Catheter -

Muscle

Intraperitoneal P-32 (GOG) Melphalan x 12 (GOG) Cisplatin/cytoxan x 3 (GOG) Carbo/paclitaxel x 3 (GOG)

Carbo/paclitaxel x 6 (GOG)

Cisplatin x 6 (Norwegian Hospital)

Platinum combo x 4 (EORTC)

72 73 74 75 76 77 78 79 80 Percent

Figure 8-8. Five-year recurrence-free rates for high-risk stage I ovarian cancer following various adjuvant therapies. Carbo, carboplatin.

Table 8-8. Nonstaging Factors That May Predict Outcome in Early-Stage Ovarian Cancer

Prognostic Factor Decreased Recurrence Increased Recurrence

Table 8-8. Nonstaging Factors That May Predict Outcome in Early-Stage Ovarian Cancer

Prognostic Factor Decreased Recurrence Increased Recurrence

Histology

Clear cell

Grade

Grade 1

Grade 3

DNA ploidy

Diploid

Aneuploid

HER2/neu

Normal expression

Overexpressed

Morphometry

Low volume

High volume

p53 mutation

Absent

Overexpressed

Bcl-2

Present

Absent

PDGF

Absent

Overexpressed

EGFR

Absent

Present

EGFR, epidermal growth factor receptor; PDGR, platelet-derived growth factor. Adapted from McGuire WP: Current aspects of adjuvant therapy of early stage ovarian cancer. Zentralbl Gynakol 120(3):93-97, 1998.

EGFR, epidermal growth factor receptor; PDGR, platelet-derived growth factor. Adapted from McGuire WP: Current aspects of adjuvant therapy of early stage ovarian cancer. Zentralbl Gynakol 120(3):93-97, 1998.

radiation, or four cycles of platinum-based chemotherapy. Patients with grade 1-2 tumors whose results were negative for p53 and EGFR had a 5-year disease-free survival of 89% compared with 39% for patients with grade 3 tumors that were also positive for p53 and EGFR (P = .00008). An intermediate risk model with any other combination of the three factors was associated with a 66% disease-free survival (P = .0006). In a regression analysis, FIGO substage was not significantly associated with disease-free survival, whereas grade, p53, and EGFR were. Since this study did not report what percentage of patients underwent the modified surgical staging operation and because lymph node dissection was not part of the operation, the model may apply only to incompletely staged patients.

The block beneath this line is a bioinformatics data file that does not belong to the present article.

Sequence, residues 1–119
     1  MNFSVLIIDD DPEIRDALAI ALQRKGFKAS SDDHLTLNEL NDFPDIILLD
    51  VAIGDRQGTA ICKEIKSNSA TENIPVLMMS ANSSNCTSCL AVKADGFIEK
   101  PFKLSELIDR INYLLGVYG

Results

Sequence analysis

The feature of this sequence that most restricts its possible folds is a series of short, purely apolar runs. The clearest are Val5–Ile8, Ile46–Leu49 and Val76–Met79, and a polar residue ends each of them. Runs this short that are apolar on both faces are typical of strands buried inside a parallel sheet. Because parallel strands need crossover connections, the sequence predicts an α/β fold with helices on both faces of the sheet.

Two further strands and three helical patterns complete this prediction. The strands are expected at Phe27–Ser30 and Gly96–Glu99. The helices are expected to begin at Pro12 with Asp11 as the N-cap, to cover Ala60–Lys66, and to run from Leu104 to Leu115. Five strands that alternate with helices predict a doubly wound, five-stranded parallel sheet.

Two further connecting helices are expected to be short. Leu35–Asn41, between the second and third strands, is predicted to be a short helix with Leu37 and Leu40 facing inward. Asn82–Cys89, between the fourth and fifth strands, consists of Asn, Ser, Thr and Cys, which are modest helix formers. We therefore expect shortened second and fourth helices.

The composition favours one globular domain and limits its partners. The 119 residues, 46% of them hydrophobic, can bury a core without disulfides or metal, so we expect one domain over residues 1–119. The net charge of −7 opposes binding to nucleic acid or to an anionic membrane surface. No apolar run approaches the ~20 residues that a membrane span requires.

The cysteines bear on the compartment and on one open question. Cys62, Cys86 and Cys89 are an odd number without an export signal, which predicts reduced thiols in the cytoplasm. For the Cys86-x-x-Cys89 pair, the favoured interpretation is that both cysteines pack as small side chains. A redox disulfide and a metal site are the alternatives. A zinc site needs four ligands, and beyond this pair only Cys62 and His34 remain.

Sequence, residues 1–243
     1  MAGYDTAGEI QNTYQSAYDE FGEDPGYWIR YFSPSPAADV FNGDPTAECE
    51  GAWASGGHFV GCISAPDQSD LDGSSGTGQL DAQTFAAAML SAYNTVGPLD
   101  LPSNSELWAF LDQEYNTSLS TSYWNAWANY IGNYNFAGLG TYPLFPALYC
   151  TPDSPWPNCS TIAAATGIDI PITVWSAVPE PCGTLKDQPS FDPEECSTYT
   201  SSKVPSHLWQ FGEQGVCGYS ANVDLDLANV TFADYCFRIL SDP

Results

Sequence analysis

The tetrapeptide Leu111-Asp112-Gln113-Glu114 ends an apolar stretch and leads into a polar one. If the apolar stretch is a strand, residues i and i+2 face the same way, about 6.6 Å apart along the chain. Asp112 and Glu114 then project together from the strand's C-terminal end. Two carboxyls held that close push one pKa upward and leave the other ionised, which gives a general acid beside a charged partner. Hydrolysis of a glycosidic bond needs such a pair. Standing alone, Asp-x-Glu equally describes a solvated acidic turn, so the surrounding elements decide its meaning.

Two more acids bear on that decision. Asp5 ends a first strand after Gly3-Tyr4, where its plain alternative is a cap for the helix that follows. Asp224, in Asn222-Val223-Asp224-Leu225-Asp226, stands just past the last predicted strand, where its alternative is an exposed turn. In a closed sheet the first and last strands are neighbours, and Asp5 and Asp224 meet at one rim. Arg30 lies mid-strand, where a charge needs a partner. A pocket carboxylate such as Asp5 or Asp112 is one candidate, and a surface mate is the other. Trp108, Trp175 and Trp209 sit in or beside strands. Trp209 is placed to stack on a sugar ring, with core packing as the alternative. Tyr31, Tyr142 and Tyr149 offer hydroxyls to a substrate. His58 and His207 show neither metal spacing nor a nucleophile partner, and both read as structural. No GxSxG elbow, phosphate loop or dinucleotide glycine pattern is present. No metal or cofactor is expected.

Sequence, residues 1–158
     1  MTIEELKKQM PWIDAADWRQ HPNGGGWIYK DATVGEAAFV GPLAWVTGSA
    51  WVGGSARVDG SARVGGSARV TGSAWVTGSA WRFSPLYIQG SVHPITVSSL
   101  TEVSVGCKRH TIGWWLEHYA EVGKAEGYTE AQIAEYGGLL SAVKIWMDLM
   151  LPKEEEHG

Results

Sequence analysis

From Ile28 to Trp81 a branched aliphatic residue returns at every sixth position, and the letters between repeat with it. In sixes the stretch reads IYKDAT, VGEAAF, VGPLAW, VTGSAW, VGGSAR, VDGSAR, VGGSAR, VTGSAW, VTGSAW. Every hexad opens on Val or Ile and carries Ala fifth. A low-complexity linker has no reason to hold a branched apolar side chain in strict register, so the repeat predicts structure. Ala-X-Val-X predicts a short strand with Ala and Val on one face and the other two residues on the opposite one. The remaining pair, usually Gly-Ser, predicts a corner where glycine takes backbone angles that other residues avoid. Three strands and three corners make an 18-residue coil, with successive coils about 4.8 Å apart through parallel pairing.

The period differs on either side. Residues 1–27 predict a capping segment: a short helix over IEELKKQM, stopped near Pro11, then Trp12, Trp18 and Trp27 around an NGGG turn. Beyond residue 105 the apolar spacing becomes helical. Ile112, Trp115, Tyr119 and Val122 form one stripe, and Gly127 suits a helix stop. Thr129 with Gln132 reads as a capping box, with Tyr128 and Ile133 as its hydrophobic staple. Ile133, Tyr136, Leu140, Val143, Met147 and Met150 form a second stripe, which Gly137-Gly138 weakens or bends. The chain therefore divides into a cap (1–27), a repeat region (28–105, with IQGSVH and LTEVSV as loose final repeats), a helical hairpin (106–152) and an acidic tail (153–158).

Another confounding factor is the use of various adjuvant therapies. Nevertheless, it does show the potential value of combining molecular markers to better define prognosis, for example, as applied to the intermediate-risk group with grade 1 histology, positive p53, and positive EGFR. Such models may prove very useful in future trials whereby adjuvant therapy could be modified or tailored based on stratification into high- and low-risk groups. Such trials may also test molecular targeting for the high-risk groups as defined in Box 8-2. In addition, future strategy should include studies of prognostic factors applied to patients who are completely staged and receive no adjuvant therapy. This type of study could identify markers that are significantly associated with recurrence in true stage I disease.

Even if molecular markers were able to replace optimal surgical staging in gross stage I disease, until this happens future trials in early ovarian cancer are likely to require staging operations at least sufficient to separate stage I from stage II disease because of clinically significant different relapse rates between the two. In a recent GOG trial in which all patients received adjuvant chemotherapy, the recurrence rate for stage II was nearly twice that for stage I (33% versus 18%).29 This inferior prognosis of stage II patients has prompted the GOG to shift stage II patients to future protocols of advanced-stage disease. In addition, the NCCN recommendations for treatment of stage II are the same as for stages III and IV (Box 8-5 and Fig. 8-9).